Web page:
13. Ge J, Tian AX, Wang QS, et al (2013). The GSTP1 105Val allele increases breast cancer risk and aggressiveness but enhances response to cyclophosphamide chemotherapy in North China. PLoS One, 8, 67589. https://doi.org/10.1371/journal.pone.0067589
  14. Gilbert L, Elwood LJ, Merino M, et al (1993). A pilot study of piclass glutathione S-transferase expression in breast cancer: correlation with estrogen receptor expression and prognosis in node-negative breast cancer. J Clin Oncol, 11, 49-58.
  15. Gudmundsdottir K, Tryggvadottir L, Eyfjord JE (2001). GSTM1, GSTT1, and GST-PI genotypes in relation to breast cancer risk and frequency of mutations in the p53 gene. Cancer Epidemiol Biomarkers Prev, 10, 1169-1173.
  16. Haas S, Pierl C, Harth V, et al (2006). Expression of xenobiotic and steroid hormone metabolizing enzymes in human breast carcinomas. Int J Cancer, 119, 1785-91. https://doi.org/10.1002/ijc.21915
  17. Hamilton DS, Zhang X, Ding Z, et al (2003). Mechanism of the glutathione transferase-catalyzed conversion of antitumor 2-crotonyloxymethyl-2-cycloalkenones to GSH adducts. J Am Chem Soc, 49, 15049-58.
  18. Hammond ME, Hayes DF, Dowsett M, et al (2010). American Society of Clinical Oncology/College of American Pathologists guideline recommendations for immunohistochemical testing of estrogen and progesterone receptors in breast cancer. J Clin Oncol, 28, 2784-95. https://doi.org/10.1200/JCO.2009.25.6529
  19. Helzlsouer J, Selmin O, Huang Y, et al (1998). Association between glutathione S-transferase M1, P1, and T1 genetic polymorphisms and development of breast cancer. J Natl Cancer Inst, 90, 513-8.
  20. Hisako I, Chikako K, Sachiko S, et al (2001). Glutathione S-transferase polymorphisms and risk of colorectal adenomas. Cancer Lett, 163, 201-6. https://doi.org/10.1016/S0304-3835(00)00692-3
  21. Horita K, Yamaguchi A, Hirose K, et al (2001). Prognostic factors affecting disease-free survival rate following surgical resection of primary breast cancer. Eur J Histochem, 1,73-84.
  22. Huang J, Tan PH, Thiyagarajan J, Bay BH (2003). Prognostic significance of glutathione S-transferase-pi in invasive breast cancer. Mod Pathol, 16, 558-65. https://doi.org/10.1097/01.MP.0000071842.83169.5A
  23. Joanne E. Currana, R. Weinsteinb, Lyn R (2000). Griffithsa, Polymorphisms of glutathione S-transferase genes (GSTM1, GSTP1 and GSTT1) and breast cancer susceptibility, Cancer Lett, 153, 113-120. https://doi.org/10.1016/S0304-3835(00)00361-X
  24. Kadouri L, Kote-Jarai Z, Hubert A, et al (2008) Glutathione- S-transferase M1, T1 and P1 polymorphisms, and breast cancer risk, in BRCA1/2 mutation carriers. Br J Cancer, 98, 2006-10. https://doi.org/10.1038/sj.bjc.6604394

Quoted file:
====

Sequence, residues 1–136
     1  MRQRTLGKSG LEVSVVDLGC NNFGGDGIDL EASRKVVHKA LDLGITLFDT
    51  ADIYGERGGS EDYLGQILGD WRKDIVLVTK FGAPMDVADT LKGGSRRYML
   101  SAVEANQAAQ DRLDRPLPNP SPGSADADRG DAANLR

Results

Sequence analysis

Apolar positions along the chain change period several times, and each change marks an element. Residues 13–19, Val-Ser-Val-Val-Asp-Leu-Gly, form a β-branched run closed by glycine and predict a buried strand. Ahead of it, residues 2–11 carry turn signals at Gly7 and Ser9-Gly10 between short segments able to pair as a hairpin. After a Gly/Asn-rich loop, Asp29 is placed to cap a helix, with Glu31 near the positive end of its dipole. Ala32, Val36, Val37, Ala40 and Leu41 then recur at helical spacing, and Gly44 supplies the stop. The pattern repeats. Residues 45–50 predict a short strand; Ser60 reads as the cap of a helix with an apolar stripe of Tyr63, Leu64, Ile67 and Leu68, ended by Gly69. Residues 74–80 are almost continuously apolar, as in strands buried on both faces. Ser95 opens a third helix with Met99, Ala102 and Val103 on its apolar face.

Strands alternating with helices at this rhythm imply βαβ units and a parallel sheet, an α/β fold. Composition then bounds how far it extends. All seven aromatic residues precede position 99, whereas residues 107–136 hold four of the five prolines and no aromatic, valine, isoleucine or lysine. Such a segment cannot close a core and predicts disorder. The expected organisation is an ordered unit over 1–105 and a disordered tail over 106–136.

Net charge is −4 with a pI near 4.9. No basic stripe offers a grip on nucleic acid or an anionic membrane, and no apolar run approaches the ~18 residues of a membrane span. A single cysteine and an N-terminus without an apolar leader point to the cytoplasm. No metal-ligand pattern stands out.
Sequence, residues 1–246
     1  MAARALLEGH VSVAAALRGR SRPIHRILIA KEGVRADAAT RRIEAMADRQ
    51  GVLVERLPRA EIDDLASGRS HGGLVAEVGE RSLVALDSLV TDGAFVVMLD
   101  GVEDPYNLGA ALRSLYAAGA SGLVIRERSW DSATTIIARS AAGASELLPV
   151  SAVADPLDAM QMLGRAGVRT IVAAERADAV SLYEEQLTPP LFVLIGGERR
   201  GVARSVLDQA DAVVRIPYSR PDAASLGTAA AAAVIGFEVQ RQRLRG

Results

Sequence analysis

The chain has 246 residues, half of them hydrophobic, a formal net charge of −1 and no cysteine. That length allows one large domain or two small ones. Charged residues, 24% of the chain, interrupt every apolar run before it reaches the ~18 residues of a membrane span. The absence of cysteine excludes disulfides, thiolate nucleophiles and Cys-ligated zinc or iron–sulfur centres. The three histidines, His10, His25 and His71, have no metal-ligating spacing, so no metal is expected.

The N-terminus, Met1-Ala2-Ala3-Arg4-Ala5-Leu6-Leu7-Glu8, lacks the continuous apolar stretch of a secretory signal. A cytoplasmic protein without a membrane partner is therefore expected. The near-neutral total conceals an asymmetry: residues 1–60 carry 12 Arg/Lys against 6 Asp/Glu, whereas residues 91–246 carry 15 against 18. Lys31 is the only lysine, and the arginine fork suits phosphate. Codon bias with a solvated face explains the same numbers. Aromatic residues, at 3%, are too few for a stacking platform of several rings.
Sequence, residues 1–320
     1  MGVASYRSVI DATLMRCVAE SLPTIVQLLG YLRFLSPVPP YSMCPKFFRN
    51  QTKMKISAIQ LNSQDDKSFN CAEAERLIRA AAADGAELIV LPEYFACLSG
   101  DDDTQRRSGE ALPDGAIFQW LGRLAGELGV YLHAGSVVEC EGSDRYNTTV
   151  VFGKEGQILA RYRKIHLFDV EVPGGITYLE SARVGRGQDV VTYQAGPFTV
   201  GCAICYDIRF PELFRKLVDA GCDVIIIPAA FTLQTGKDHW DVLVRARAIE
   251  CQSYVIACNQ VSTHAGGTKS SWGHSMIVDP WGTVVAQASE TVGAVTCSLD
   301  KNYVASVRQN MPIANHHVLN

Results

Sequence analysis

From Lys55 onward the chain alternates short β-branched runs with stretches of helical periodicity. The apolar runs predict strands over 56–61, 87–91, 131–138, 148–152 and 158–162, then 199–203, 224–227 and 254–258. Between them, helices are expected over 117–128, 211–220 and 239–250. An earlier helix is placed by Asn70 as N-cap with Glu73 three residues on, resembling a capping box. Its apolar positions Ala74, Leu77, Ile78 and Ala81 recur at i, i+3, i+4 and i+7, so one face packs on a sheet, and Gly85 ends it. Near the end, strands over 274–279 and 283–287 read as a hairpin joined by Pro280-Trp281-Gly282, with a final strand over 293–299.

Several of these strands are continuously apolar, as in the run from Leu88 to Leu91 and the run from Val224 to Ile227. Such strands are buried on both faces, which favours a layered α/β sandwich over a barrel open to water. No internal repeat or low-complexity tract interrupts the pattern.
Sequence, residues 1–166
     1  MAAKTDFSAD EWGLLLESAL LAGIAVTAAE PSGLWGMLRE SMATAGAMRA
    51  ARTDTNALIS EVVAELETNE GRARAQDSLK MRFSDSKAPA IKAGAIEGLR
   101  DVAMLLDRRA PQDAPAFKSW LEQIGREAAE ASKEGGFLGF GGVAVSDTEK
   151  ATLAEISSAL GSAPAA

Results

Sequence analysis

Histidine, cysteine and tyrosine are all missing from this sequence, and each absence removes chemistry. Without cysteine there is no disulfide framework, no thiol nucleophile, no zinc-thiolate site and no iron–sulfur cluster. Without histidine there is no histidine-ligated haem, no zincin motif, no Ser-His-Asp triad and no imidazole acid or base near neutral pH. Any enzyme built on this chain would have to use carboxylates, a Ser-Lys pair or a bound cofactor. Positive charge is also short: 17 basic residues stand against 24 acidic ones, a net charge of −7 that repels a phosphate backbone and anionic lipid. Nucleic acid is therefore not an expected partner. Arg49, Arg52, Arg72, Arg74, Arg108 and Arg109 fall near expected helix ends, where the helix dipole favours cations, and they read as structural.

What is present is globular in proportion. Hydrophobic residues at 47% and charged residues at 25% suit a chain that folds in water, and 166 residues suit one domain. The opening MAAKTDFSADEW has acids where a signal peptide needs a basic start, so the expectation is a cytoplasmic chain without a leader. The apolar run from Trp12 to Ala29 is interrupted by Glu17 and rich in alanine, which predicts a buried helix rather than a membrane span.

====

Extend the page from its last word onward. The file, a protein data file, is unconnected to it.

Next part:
25. Kaptain S, Tan LK, Chen B (2001). Her-2/neu and breast cancer. Diagn Mol Pathol, 3, 139-52.
  26. Khabaz MN (2014). Polymorphism of the Glutathione S-Transferase P1 Gene (GST-pi) in breast carcinoma. Pol J Pathol, 65, 141-6.
  27. Kim SU, Lee KM, Park SK, et al (2004). Genetic polymorphism of glutathione S-transferase P1 and breast cancer risk. J Biochem Mol Biol, 37, 582-5. https://doi.org/10.5483/BMBRep.2004.37.5.582
  28. Lee SA, Fowke JH, Lu W, et al (2008). Cruciferous vegetables, the GSTP1 Ile105Val genetic polymorphism, and breast cancer risk. Am J Clin Nutr, 87, 753-60.
  29. Millikan R, Pittman G, Tse CK, et al (2000). Glutathione S-transferases M1, T1, and P1 and breast cancer. Cancer Epidemiol Biomarkers Prev, 9, 567-73.
  30. Mitrunen K, Jourenkova N, Kataja V, et al (2001). Glutathione S-transferase M1, M3, P1, and T1 genetic polymorphisms and susceptibility to breast cancer. Cancer Epidemiol Biomarkers Prev, 10, 229-36.
  31. Mohammadzadeha S, Nasseri M, Rasaee J, et al (2003). Measurement of glutathione S-transferase and its class- in plasma and tissue biopsies obtained after laparoscopy and endoscopy from subjects with esophagus and gastric cancer. Clin Biochem, 36, 283-88. https://doi.org/10.1016/S0009-9120(03)00012-2
  32. Moureau-Zabotto L, Ricci S, Lefranc JP, et al (2006). Prognostic impact of multidrug resistance gene expression on the management of breast cancer in the context of adjuvant therapy based on a series of 171 patients. Br J Cancer, 94, 473-80. https://doi.org/10.1038/sj.bjc.6602958
  33. Ng CH, Pathy NB, Taib NA, et al (2014). Do clinical features and survival of single hormone receptor positive breast cancers differ from double hormone receptor positive breast cancers? Asian Pac J Cancer Prev, 15, 7959-64. https://doi.org/10.7314/APJCP.2014.15.18.7959
  34. Nourazarian AR, Kangari P, Salmaninejad A (2014). Roles of oxidative stress in the development and progression of breast cancer. Asian Pac J Cancer Prev, 15, 4745-51. https://doi.org/10.7314/APJCP.2014.15.12.4745
  35. Osborne CK, Yochmowitz MG, Knight WA 3rd, McGuire WL (1980). The value of estrogen and progesterone receptors in the treatment of breast cancer. Cancer, 46, 2884-8. https://doi.org/10.1002/1097-0142(19801215)46:12+<2884::AID-CNCR2820461429>3.0.CO;2-U
  36. Pongtheerat T, Pakdeethai S, Purisa W, et al (2011). Promoter methylation and genetic polymorphism of glutathione S-transferase P1 gene (GSTP1) in Thai breast-cancer patients. Asian Pac J Cancer Prev, 12, 2731-4.